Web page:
SARS-CoV-2 Epidemiology And Response in Children (SEARCh) Project

Challenge

Although children are usually spared the worst of COVID-19 disease, they suffer substantial indirect harms as a result of the pandemic, including missed immunizations, school and day care closures, and loss of family income. Policies for resumption of pre-pandemic activities for U.S. children are being developed with incomplete data, particularly with respect to infection of very young children and their ability to transmit within households.

Approach

To address these issues, the Center for Immunization Research (CIR) has launched the SEARCh (SARS-CoV-2 Epidemiology And Response in Children) Project. SEARCh will focus specifically on children ages 0-5 years, for 3 reasons: 1) other studies will study household transmission in school-aged children, but will generate little data from this younger age group 2) home-based child care settings are more likely than schools to remain open or to reopen during the pandemic and could potentially be a source of infection for households with young children 3) rates of hospitalization have been reported to be highest among children under 2 years of age.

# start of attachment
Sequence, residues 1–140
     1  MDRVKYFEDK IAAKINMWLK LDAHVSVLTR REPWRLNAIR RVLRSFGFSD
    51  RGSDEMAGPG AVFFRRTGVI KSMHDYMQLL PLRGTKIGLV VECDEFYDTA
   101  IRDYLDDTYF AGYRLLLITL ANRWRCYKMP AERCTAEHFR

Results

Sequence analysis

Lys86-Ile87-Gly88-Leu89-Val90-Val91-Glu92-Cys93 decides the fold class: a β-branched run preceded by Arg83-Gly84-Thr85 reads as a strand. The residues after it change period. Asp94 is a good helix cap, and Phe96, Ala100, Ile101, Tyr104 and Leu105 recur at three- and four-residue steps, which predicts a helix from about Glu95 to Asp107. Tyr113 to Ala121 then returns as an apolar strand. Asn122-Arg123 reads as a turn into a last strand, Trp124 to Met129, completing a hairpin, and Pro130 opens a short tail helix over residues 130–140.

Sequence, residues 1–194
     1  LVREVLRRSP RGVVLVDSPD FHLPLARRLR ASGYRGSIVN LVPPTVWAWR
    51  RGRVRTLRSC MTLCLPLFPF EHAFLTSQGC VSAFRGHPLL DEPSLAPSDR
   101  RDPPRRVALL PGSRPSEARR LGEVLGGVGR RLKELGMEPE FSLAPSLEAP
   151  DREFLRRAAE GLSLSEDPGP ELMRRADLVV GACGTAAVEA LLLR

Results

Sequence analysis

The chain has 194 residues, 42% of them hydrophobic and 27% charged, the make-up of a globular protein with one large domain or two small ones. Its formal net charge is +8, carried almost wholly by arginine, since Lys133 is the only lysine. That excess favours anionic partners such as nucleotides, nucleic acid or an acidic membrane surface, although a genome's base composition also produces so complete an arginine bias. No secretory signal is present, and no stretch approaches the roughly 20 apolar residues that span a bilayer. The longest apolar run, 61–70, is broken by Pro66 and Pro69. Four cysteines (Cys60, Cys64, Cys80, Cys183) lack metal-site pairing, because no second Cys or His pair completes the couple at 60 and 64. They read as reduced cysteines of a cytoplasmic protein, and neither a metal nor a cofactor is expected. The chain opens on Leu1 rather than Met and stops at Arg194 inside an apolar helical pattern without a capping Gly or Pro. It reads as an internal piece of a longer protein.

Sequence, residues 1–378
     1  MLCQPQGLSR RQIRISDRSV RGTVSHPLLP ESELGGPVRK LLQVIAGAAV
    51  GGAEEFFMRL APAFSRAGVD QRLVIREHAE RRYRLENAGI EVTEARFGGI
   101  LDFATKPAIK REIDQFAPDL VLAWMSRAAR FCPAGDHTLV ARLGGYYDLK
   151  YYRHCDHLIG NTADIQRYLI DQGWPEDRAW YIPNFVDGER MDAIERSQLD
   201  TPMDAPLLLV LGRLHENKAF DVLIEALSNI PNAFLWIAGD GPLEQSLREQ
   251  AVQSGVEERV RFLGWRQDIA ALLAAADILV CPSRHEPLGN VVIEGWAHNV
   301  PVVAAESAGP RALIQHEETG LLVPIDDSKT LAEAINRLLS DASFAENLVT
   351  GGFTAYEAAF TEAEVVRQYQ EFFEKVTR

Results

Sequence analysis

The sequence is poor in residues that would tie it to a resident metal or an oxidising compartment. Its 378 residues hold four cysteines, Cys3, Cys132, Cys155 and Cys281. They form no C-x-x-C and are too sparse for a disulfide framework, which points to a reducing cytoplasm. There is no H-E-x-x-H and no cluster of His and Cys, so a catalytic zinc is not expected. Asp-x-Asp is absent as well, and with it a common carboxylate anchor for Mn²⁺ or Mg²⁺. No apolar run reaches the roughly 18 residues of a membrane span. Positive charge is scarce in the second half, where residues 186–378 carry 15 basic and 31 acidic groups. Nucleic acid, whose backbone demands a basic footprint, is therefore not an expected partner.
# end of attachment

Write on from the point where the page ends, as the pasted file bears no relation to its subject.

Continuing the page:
The objectives of the study include: 1) estimating the cumulative incidence of infection with Severe Acute Respiratory Syndrome Coronavirus 2 (SARS-CoV-2), including both symptomatic and asymptomatic infections; 2) characterizing immune responses to SARS-CoV-2 infection; 3) characterize the epidemiology of SARS-CoV-2 infection; 4) identifying risk factors for SARS-CoV-2 infection; and 5) assessing household transmission dynamics of SARS-CoV-2 among children aged <5 years and their household members.

This CDC-funded study is being led by Dr. Ruth Karron at the CIR. IVAC collaborators include Dr. Maria Knoll, Maria Garcia Quesada, and Jingyi Wu.